For most of its life, GE made the “right place, right time” decisions. However, at this point, the company has taken the opposite steps. In 2015, GE had to pay $10 billion to Alstom, a French power company. In 2017, they invested $7 billion in a joint venture with Baker Hughes, an energy services company. Starting in 2018, oil prices skyrocketed and GE sold a majority stake in the joint venture in 2019.
Decades of success have led to complacency. Rita McGrath, professor of management at Columbia Business School, researches corporate change and advises GE. In the early 2000s, she said, the company’s managers often had the view that “it doesn’t matter what we do, it matters how we manage .” GE always bet that “management technology will save them”.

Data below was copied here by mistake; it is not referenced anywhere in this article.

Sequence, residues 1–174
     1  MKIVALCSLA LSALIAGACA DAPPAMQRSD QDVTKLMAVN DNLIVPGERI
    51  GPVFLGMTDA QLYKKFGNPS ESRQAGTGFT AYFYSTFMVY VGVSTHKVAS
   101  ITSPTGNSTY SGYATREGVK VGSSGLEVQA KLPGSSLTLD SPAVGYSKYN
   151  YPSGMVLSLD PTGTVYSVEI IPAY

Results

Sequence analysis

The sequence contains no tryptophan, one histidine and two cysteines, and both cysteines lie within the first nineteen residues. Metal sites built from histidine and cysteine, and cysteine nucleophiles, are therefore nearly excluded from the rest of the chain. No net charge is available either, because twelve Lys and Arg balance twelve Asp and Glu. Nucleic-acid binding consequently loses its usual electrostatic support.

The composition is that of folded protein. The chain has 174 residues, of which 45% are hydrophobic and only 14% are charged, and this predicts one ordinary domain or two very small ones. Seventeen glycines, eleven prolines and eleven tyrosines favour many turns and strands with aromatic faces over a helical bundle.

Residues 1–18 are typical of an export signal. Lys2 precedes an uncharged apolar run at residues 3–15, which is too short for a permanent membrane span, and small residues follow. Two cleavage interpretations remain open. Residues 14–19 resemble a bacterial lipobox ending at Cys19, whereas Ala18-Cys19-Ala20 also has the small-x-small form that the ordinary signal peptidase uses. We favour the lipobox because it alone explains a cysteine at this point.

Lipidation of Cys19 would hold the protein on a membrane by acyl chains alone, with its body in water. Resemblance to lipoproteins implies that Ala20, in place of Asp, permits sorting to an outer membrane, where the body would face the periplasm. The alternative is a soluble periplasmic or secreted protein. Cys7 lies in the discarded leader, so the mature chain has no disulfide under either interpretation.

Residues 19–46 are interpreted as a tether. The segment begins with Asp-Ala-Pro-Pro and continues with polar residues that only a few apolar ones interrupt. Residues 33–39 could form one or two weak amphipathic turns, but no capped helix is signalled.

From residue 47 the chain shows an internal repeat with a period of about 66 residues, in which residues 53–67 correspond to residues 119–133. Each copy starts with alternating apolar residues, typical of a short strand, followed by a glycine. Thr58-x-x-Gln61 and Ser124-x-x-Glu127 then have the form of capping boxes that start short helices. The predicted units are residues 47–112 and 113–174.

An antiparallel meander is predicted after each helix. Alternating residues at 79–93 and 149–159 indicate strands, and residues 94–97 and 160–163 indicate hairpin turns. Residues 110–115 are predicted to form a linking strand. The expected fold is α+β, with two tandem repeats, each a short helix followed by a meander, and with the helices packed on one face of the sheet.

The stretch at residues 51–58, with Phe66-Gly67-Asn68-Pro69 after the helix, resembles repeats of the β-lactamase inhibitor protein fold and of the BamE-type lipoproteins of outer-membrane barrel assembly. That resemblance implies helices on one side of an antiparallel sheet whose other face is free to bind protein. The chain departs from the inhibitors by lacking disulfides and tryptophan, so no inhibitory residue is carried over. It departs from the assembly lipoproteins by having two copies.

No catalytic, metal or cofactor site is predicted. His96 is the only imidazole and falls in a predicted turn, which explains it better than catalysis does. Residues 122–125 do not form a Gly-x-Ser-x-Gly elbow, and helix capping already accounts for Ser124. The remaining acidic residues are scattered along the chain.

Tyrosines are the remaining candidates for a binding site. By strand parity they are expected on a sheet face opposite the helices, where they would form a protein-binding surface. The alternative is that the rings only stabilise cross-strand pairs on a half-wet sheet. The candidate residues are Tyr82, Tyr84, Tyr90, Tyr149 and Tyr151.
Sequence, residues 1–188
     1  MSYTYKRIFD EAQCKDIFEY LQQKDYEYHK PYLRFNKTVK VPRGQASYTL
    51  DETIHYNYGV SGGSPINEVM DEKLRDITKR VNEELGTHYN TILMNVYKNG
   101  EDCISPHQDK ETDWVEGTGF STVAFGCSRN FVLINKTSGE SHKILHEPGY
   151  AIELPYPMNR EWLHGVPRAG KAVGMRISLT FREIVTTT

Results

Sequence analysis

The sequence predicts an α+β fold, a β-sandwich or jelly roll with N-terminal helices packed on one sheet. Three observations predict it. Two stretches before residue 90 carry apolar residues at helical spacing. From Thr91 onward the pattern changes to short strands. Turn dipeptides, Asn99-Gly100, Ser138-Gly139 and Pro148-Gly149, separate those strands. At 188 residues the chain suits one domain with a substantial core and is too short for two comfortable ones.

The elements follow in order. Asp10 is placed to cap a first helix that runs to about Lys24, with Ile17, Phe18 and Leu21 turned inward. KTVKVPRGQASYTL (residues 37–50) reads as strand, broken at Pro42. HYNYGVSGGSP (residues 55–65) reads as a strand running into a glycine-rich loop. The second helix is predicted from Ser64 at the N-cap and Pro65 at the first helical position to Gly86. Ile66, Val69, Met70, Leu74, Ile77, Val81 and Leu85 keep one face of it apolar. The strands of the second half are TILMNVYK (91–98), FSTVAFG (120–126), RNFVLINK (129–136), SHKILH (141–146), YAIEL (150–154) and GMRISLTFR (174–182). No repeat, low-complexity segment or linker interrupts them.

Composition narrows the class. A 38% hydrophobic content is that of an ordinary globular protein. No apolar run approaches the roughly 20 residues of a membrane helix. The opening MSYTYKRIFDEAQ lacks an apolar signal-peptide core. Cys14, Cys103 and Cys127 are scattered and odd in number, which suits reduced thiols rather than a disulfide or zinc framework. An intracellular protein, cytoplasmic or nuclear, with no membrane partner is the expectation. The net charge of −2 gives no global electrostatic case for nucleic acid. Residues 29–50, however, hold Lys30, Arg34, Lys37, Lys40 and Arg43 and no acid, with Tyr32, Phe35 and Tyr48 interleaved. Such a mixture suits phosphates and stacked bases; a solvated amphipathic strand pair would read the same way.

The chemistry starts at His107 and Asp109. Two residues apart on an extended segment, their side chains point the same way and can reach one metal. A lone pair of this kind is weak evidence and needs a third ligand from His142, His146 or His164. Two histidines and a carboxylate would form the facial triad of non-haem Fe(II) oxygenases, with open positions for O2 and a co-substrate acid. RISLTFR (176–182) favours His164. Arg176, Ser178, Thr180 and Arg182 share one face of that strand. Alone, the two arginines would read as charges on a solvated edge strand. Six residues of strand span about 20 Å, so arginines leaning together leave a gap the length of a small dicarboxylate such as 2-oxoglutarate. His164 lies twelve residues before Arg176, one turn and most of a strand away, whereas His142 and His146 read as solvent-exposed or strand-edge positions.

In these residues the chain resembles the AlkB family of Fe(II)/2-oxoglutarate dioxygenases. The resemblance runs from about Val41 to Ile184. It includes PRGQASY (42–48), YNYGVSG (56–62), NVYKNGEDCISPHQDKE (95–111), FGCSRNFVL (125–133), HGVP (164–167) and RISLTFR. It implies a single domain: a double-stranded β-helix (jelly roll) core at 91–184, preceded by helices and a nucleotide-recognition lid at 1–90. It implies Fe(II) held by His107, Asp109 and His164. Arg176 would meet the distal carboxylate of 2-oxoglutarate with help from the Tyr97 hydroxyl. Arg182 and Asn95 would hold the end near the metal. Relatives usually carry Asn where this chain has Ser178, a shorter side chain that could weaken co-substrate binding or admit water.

However, decades of bad decisions cannot be undone. Nor can they change the business.
In the early 2010s, GE spent about $5 billion developing a big data and analytics platform for the “industrial internet,” called Predix. However, this amount is still not worth much compared to other technology corporations and the plan was also launched at the wrong time.
Meanwhile, Microsoft, Amazon, and others have evolved into new-age corporations. They provide many of the same technology services as GE has long served to fill a basic industry need.
Likewise, GE’s $10 billion deal with Alstom in 2015 was made possible in part because it believes natural gas remains the primary fuel for power plants. Currently, leading the trend is green energy. GE is also participating in this race, but it is still “late”. One of GE’s three companies after the split will focus on “affordable, reliable and sustainable energy”.
On the stock market, ETFs are easily diversified. Most investors want CEOs to focus on a few businesses, not a wide range of businesses. Therefore, industrial corporations are on the decline, at least for the moment.
Refer to WSJ
Source : Genk